Not a typical blog, but a tidied-up version of the Headmaster’s closing remarks at our end of term Easter assembly, a gathering that brought spring term and an Old Bradfordians reunion at school to a close.
Wishing everyone a Happy Easter!
“Good afternoon everyone and welcome to our end of term Easter assembly. I extend a particularly warm welcome to our guests, Old Bradfordians who attended this great school back in the 1940s and the 1950s; they, and their guests, are in school today for a reunion … a reunion to remember past times, renew and strengthen bonds of friendship. It is great to have you with us today; and you will always be welcome at BGS.
Having OBs of 1940s and 1950s vintage with us today has special meaning, this year more than most. I will expand on that point later …
So here I stand, the 29th Headmaster of Bradford Grammar School, one of the oldest institutions in this city. You will know that we can trace our history back to 1548, although we knew that a predecessor of BGS existed before then.
We know, for example, that a Saxon Church and school, such as it was back then, existed in Bradford before the Norman Conquest. However, it was after the Norman Conquest – the taming of the north and the establishment of castles and cathedrals – that the more recognisable Latin Grammar Schools came into existence.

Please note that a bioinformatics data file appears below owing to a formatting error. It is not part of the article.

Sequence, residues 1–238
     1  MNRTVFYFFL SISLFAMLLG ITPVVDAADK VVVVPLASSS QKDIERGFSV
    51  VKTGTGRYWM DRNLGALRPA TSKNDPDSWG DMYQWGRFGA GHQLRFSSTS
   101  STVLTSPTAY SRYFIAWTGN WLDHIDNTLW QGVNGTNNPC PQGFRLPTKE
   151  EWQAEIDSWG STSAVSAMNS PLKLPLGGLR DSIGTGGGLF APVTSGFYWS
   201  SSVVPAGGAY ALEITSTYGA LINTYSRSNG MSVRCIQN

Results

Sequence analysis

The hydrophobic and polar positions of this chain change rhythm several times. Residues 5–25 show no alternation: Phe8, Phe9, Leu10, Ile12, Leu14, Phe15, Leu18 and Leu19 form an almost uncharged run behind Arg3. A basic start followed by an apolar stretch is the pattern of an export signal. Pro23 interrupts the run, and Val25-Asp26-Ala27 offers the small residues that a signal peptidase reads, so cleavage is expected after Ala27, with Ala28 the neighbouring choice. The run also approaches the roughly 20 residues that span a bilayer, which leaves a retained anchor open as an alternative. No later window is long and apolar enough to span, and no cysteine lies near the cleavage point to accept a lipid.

Latin was the language of religion, of commerce, of common law, the language of power and influence, and this is why church schools were established to teach it – Latin Grammar that is – to the rising professional classes.
Latin Grammar Schools are known to have been founded in Wakefield in 1289, Ripon in 1348 and Doncaster in 1354. These are the oldest examples from our region. Bradford Grammar School is but a youngster in this context – a mere strip of a lad or lass. The precise date for the origin of BGS is unknown. However, as stated previously, we do know that it existed by 1548.
The first Headmaster we know about (from a record dated 1563) – one of my predecessors – is a chap called Robert Hall. Robert was supported largely through the generosity of local landowner John Lacy, the school’s first known benefactor. Every year, of course, we remember, celebrate and give thanks to our benefactors on Founders Day.
BGS faced many challenges during its early history and nearly closed on several occasions, sandwiched as it was between the crown and the church in a power struggle that lasted generations. In addition, a little Civil War skirmishing nearly finished us off in the 1640s.
A degree of security came in 1662 when King Charles II granted the school its Royal. Charter. That document hangs in the DH room today. Not a copy, it is the real deal.
So, we, The Free School of King Charles II in Bradford, was formally on the map and it looked like we were here to stay, located as we were in the 1660s just downhill from the cathedral where we celebrate our Founders’ Day.
There we stayed until the school moved to a new purpose built site in 1820 at Manor Row, near what is now Bradford Forster Square train station.
More change followed soon after as The Forster Reform Acts from 1870 wrested the school away from church control and placed it firmly in the hands of the state.